“YouTube is not affected by this announcement. It’s a special case: we already remove infringing material within a few hours, and we have the Content ID system which is very successful… We have spent more than $30 million and tens of thousands of man hours building Content ID.”
This would be the same ContentID that is connected to the second of two uses of the word “change” in the Google policy post: “These changes build on our continuing efforts, such as Content ID, to give rightsholders choice and control over the use of their content, and we look forward to further refining and improving our processes in ways that help both rightsholders and users.” (emphasis mine)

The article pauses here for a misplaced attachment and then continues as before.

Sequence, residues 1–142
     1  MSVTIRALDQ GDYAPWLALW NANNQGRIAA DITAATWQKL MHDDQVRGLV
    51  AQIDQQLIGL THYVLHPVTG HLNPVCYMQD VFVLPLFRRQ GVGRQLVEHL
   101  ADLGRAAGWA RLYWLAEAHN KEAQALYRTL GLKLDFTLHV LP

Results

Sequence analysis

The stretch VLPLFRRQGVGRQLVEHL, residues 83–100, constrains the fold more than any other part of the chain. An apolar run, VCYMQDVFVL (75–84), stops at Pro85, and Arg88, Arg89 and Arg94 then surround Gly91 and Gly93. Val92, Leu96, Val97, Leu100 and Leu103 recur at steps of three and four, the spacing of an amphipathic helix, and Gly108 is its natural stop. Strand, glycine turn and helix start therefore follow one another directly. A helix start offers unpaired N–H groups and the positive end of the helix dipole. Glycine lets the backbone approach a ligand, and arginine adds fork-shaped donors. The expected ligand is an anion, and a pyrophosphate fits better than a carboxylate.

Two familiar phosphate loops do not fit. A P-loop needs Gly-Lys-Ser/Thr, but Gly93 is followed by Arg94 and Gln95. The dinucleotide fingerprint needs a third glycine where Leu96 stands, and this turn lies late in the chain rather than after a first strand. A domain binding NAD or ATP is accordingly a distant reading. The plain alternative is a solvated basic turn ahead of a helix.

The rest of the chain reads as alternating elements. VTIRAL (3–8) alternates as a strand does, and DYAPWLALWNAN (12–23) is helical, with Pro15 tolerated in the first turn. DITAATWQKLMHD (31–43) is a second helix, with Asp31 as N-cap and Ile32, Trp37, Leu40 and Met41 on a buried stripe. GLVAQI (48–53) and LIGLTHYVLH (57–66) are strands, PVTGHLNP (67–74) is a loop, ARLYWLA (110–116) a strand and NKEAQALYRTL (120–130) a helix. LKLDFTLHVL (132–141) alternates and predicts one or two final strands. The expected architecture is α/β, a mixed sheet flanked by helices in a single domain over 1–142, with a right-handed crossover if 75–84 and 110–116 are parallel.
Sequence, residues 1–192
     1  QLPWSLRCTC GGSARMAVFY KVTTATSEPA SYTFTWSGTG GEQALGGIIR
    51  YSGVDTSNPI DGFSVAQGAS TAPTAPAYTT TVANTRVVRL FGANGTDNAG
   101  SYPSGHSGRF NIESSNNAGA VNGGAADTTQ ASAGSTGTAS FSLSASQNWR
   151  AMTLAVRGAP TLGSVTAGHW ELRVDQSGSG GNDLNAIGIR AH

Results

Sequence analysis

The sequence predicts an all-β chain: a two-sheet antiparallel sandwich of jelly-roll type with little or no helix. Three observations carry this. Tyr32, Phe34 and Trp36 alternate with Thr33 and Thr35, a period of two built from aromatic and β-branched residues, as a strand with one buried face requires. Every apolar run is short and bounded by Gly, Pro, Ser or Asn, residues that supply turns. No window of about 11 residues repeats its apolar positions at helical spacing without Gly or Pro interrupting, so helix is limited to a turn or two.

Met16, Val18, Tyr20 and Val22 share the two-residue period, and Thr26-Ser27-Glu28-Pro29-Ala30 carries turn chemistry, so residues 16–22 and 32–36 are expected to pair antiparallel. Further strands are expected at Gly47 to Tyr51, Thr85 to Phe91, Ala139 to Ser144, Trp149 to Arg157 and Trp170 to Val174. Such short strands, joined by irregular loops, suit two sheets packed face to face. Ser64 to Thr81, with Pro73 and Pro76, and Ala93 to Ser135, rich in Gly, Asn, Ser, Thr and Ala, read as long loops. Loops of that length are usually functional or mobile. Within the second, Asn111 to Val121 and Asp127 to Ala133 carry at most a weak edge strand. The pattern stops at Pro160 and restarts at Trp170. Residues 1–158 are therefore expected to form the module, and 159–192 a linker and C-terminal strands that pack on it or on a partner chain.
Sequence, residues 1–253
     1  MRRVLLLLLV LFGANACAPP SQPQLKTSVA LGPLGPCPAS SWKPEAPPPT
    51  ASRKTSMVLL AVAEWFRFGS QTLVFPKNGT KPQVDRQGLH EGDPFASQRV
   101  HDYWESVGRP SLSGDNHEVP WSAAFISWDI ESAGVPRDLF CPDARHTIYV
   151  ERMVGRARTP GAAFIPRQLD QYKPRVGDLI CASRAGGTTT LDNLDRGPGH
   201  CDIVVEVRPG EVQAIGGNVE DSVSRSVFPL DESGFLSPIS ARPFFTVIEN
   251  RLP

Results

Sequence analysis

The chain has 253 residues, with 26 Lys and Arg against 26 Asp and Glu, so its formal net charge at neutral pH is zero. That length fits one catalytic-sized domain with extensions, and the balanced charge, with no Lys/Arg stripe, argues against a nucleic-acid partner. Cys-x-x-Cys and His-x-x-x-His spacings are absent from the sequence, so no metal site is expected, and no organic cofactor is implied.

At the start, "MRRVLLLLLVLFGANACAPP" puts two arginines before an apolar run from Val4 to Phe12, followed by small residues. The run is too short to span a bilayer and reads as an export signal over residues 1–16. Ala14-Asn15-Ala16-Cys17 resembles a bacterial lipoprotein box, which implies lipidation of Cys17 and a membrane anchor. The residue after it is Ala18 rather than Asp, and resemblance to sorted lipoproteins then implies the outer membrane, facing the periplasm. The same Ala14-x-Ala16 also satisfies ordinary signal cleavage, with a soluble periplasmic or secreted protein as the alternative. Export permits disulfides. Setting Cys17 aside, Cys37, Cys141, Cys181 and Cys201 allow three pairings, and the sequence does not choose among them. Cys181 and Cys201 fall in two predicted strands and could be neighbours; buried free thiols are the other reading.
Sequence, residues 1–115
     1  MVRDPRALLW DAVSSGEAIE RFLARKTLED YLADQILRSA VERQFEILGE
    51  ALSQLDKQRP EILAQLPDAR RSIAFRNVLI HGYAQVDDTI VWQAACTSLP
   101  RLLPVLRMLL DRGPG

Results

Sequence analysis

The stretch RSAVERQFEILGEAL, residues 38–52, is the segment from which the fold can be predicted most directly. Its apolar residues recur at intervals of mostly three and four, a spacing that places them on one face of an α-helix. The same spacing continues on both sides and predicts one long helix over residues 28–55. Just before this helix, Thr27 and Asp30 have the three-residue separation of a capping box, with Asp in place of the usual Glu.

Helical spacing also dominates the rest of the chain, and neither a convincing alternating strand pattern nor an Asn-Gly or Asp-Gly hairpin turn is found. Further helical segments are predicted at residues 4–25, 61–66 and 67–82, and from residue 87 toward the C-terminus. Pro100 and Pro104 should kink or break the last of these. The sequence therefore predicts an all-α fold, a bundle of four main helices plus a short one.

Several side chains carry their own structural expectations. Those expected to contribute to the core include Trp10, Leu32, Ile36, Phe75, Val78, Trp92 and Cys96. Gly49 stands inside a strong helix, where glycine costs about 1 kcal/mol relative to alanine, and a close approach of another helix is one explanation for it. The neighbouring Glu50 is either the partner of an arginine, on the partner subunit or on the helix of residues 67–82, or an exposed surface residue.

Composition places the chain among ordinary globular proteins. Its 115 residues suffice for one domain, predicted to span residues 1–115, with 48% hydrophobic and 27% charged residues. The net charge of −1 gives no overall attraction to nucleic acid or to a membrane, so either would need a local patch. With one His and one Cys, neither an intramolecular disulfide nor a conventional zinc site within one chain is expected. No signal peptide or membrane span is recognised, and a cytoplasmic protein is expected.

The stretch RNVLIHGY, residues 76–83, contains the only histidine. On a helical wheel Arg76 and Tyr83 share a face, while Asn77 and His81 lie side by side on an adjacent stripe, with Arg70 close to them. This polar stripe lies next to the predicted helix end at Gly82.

So why not use ContentID on other platforms automatically? Once Google is notified that the copyright owner wants to block, why should Google not be required to block across all their platforms from search to Android apps? Opt in rather than opt out? Ah, yes. Because YouTube is a special case. According to…whom?
Isn’t that special?
Next in Parts 2, 3 and 4: More non-mea culpa mea culpas in Search, AdSense and preview content